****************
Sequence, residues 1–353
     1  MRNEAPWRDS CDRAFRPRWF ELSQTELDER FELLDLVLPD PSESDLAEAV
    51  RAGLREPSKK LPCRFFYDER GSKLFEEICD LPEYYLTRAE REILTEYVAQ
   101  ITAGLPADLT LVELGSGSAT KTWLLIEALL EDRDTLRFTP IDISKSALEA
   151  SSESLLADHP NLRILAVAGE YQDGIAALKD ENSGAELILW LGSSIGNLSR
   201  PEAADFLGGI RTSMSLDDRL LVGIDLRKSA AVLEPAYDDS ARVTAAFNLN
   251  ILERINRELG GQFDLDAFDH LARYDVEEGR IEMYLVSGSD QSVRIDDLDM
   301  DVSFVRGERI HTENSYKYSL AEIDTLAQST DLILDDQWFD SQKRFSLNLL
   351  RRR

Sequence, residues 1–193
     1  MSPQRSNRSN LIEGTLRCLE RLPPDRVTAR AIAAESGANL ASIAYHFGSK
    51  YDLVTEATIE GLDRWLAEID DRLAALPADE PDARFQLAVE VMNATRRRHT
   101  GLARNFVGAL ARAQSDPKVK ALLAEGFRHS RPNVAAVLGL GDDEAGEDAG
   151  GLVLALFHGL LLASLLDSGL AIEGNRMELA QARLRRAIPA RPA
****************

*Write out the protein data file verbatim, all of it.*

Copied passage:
Sequence, residues 1–353
     1  MRNEAPWRDS CDRAFRPRWF ELSQTELDER FELLDLVLPD PSESDLAEAV
    51  RAGLREPSKK LPCRFFYDER GSKLFEEICD LPEYYLTRAE REILTEYVAQ
   101  ITAGLPADLT LVELGSGSAT KTWLLIEALL EDRDTLRFTP IDISKSALEA
   151  SSESLLADHP NLRILAVAGE YQDGIAALKD ENSGAELILW LGSSIGNLSR
   201  PEAADFLGGI RTSMSLDDRL LVGIDLRKSA AVLEPAYDDS ARVTAAFNLN
   251  ILERINRELG GQFDLDAFDH LARYDVEEGR IEMYLVSGSD QSVRIDDLDM
   301  DVSFVRGERI HTENSYKYSL AEIDTLAQST DLILDDQWFD SQKRFSLNLL
   351  RRR

Sequence, residues 1–193
     1  MSPQRSNRSN LIEGTLRCLE RLPPDRVTAR AIAAESGANL ASIAYHFGSK
    51  YDLVTEATIE GLDRWLAEID DRLAALPADE PDARFQLAVE VMNATRRRHT
   101  GLARNFVGAL ARAQSDPKVK ALLAEGFRHS RPNVAAVLGL GDDEAGEDAG
   151  GLVLALFHGL LLASLLDSGL AIEGNRMELA QARLRRAIPA RPA